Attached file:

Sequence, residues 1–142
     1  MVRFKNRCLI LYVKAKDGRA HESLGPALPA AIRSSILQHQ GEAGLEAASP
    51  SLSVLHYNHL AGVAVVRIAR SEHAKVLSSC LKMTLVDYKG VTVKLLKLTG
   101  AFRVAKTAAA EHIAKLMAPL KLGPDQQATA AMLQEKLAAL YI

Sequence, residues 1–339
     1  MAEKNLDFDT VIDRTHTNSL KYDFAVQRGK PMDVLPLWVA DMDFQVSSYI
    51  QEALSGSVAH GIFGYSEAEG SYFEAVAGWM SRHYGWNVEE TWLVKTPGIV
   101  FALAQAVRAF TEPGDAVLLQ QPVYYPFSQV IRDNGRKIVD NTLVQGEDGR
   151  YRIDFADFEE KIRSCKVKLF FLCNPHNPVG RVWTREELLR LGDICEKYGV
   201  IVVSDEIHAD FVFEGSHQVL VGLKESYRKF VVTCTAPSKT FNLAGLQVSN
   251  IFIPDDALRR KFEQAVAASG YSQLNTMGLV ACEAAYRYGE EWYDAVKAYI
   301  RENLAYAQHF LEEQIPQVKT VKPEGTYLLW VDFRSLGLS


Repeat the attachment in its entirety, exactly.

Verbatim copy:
Sequence, residues 1–142
     1  MVRFKNRCLI LYVKAKDGRA HESLGPALPA AIRSSILQHQ GEAGLEAASP
    51  SLSVLHYNHL AGVAVVRIAR SEHAKVLSSC LKMTLVDYKG VTVKLLKLTG
   101  AFRVAKTAAA EHIAKLMAPL KLGPDQQATA AMLQEKLAAL YI

Sequence, residues 1–339
     1  MAEKNLDFDT VIDRTHTNSL KYDFAVQRGK PMDVLPLWVA DMDFQVSSYI
    51  QEALSGSVAH GIFGYSEAEG SYFEAVAGWM SRHYGWNVEE TWLVKTPGIV
   101  FALAQAVRAF TEPGDAVLLQ QPVYYPFSQV IRDNGRKIVD NTLVQGEDGR
   151  YRIDFADFEE KIRSCKVKLF FLCNPHNPVG RVWTREELLR LGDICEKYGV
   201  IVVSDEIHAD FVFEGSHQVL VGLKESYRKF VVTCTAPSKT FNLAGLQVSN
   251  IFIPDDALRR KFEQAVAASG YSQLNTMGLV ACEAAYRYGE EWYDAVKAYI
   301  RENLAYAQHF LEEQIPQVKT VKPEGTYLLW VDFRSLGLS